Age 43, found me in India, jobless, relatively broke, with a tribal tattoo of a wolf on my back and very excited about doing a solo ride on a Royal Enfield Desert Storm through the Uttrakhand.
Of course, my excitement was a bit of a concern for my wife.
For one, I had never ridden a bullet before in my life. I had a Yamaha Rx 100 when I was in college which was given to me by my brother when he got a car from my parents for getting a distinction
All my trips were made on it.
Well, trips is perhaps not the best description. It was basically bike rides from Manipal to places close by like Coorg, Goa, etc. Not exactly the great touring experience.
Considering that I have a broken fibula and tibia in my right leg from one accident, a broken right arm and a broken nose from another, I would not even qualify myself as a good rider.
I can ride a bike, so I figured that is enough to manage something like this.
Oh, one more minor detail, I have never ridden on mountain roads.
And the last time I ever rode a bike was over 20 years ago.
When you buy a Bullet and announce in your testosterone depleted mid life, to regain a sense of gender comfort, that you plan to ride in the Uttrakhand, people assume that you have done something similar before. Which is a good thing because then, you don't have to lie about it and make up tall tales.
Truth is I liked the Royal Enfield Desert Storm’s looks when I first saw it on some website in UAE.
Yes, I am shallow.
I liked it so much that I went and saw it for myself in the Royal Enfield showroom in Dubai.
I loved it.
I could barely touch the toes of my feet when I mounted it; but hey, these are technicalities I could worry about later. I just had to own it.
So I had one of my blogger friends in Bangalore book one for me. Since the waiting period was about 6 months, I would have the bike with me when I got to Bangalore .
Once in Bangalore, when I was told the bike is on its way, I was in a mini state of panic. I didn't know a shit about a Bullet! The thing weighs a ton, my feet don't touch the ground and I wasn't even sure if I could ride the bloody thing. I was frantically looking around for some opportunity to have someone coach me, so that I don't manage to look like a fool when I try to ride it from the showroom to my house through Bangalore traffic and get myself killed in the process.
I Googled and found that there was this Bullet coaching school for girls in Bangalore called chicks on bike or something. Eating the remnant of my fragile male ego, I tried to call them, failing which I wrote them a mail.
It went like this
I am a 43 year old ex NRI male, who due to a moment of utter insanity is going to own a Royal Enfield in the coming month. I do not know how to ride a Bullet. My riding experience was on a Yamaha RX100 during my college years which, as you might already be smirking, is not a Bullet.
This is where I was wondering if your esteemed establishment can help me. I figured that I could probably make less of a fool of myself if you could allow me to learn how to ride a Bullet.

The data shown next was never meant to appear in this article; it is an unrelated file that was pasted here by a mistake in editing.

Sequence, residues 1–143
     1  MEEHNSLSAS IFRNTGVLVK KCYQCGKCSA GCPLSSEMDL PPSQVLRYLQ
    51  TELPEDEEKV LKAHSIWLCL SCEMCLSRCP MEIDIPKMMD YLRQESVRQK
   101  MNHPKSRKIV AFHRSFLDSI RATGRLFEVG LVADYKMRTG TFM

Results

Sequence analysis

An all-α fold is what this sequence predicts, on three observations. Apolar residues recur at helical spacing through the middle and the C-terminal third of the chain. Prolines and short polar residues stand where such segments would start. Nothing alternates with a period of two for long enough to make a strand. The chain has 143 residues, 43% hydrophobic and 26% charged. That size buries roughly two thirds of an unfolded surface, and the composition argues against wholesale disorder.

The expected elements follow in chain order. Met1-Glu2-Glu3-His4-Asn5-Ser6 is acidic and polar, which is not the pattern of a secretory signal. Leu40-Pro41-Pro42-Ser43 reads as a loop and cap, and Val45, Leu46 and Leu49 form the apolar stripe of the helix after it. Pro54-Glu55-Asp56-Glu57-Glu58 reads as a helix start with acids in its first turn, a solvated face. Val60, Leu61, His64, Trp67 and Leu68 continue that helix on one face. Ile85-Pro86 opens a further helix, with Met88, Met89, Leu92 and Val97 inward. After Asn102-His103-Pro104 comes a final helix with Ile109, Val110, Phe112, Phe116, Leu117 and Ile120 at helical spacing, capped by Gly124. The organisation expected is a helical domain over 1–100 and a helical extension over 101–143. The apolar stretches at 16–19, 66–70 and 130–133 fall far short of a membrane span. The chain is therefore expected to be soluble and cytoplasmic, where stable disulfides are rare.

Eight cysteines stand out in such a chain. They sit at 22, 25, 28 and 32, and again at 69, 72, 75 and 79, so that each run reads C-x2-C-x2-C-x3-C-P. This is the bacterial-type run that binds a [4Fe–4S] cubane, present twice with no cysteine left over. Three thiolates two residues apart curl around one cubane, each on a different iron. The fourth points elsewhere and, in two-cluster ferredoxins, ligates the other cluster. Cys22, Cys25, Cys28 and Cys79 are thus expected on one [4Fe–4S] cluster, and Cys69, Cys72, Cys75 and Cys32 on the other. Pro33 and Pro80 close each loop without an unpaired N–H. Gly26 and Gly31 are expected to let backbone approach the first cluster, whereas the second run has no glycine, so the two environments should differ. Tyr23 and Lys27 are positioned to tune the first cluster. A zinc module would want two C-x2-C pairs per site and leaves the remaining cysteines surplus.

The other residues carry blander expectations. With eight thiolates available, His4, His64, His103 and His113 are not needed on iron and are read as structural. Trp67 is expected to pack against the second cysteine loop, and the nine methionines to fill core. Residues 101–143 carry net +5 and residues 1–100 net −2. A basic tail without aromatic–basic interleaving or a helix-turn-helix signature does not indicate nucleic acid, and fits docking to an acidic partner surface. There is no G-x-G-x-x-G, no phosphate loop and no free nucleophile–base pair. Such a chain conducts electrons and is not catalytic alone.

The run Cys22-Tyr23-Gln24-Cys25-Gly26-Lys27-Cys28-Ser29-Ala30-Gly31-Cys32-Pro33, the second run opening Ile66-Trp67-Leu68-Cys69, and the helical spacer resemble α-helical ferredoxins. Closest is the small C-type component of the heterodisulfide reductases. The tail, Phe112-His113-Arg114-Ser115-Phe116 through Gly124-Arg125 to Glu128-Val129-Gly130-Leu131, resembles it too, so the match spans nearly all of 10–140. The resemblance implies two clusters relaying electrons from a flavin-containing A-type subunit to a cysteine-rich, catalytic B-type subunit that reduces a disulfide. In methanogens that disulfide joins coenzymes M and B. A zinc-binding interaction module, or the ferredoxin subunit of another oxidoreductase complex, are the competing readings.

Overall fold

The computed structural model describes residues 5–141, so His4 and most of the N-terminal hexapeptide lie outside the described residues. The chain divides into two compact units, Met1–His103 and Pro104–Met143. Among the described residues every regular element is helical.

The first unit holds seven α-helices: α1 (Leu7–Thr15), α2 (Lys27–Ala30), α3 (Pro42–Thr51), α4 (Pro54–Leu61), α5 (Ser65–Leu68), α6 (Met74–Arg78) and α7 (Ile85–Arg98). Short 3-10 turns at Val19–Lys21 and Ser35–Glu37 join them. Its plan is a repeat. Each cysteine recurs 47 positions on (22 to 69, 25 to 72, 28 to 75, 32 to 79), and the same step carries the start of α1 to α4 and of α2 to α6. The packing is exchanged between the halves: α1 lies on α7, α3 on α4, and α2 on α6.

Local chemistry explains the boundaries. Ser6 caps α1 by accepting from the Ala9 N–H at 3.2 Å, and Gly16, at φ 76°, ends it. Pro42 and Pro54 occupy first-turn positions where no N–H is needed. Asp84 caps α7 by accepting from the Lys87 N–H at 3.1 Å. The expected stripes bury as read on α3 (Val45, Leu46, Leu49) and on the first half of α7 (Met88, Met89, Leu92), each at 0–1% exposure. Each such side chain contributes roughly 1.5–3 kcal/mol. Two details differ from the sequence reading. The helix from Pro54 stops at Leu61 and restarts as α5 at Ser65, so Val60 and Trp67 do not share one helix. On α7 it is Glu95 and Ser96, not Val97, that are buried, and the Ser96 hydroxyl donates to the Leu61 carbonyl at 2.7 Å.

Please understand that this is no way an attempt to mingle with the ladies but a sincere request for help.
Thanking you and looking forward to a favorable reply,
Failing to get a reply to my email, for unknown reasons, I called up a number listed on their site, and got through to a woman, who very pleasantly told me that she recalled my mail and that they cannot make an exception - they cannot teach a man.
I was shocked by this blatant display of gender discrimination in my secular, ‘all Indians are my brothers and your sisters’, India.
Nevertheless, being a gentleman I understood that in her concern to protect the interest of her company’s policy, making an exception for me, no matter how charming, will be unthinkable.
Therefore, I was still left with a pending Bullet and no confidence.
When the day did come and my very discreet offers to treat anyone who can ride my bike back home failed, I was forced to take the bull by the horn.
I rode it home.
Apart from the initial uncertainty about my two wheeler skills, everything came back once I started riding. It was like swimming. You really never forget.
I was riding a Bullet through Bangalore traffic!
And I made it back home with all my bones intact.
My feet, of course, still couldn’t touch the ground.
Over the next month, I Googled, researched and read every single thread about lowering a Bullet so that a vertically challenged person can have the illusion of control by being able to plant his two feet on the ground with the Bullet between his legs. (OK, that didn't come out correct at all)
I managed to find a garage called the Art of Motorcycles, who lowered the suspension and unsprung the saddle seat . When that still didn't have the required effect, they shaved the foam from the seat by two inches. Beyond that, I would have had to sit directly on the engine, which can't be comfortable.
The end result was that it was better than before. I could now manage to have a large part of front feet planted on the ground when I stopped the bike.
This really helps.
Looking back , that was probably the best thing I did, since, when I finally came back from the mountains almost 8 months later, the place was getting a beating from the rain gods and whole sections of the roads were missing. The lowered bike had a much better center of gravity and while riding across chasms on ridiculously narrow strips of road that still remained, that 3 inches lowering made all the difference.
To my confidence that is. After all any thumper will tell you that height is not a big deal when you ride a Bullet.
Yep. That’s what they call a Bulletier - Thumper.
Has a nice ring to it, doesn’t it?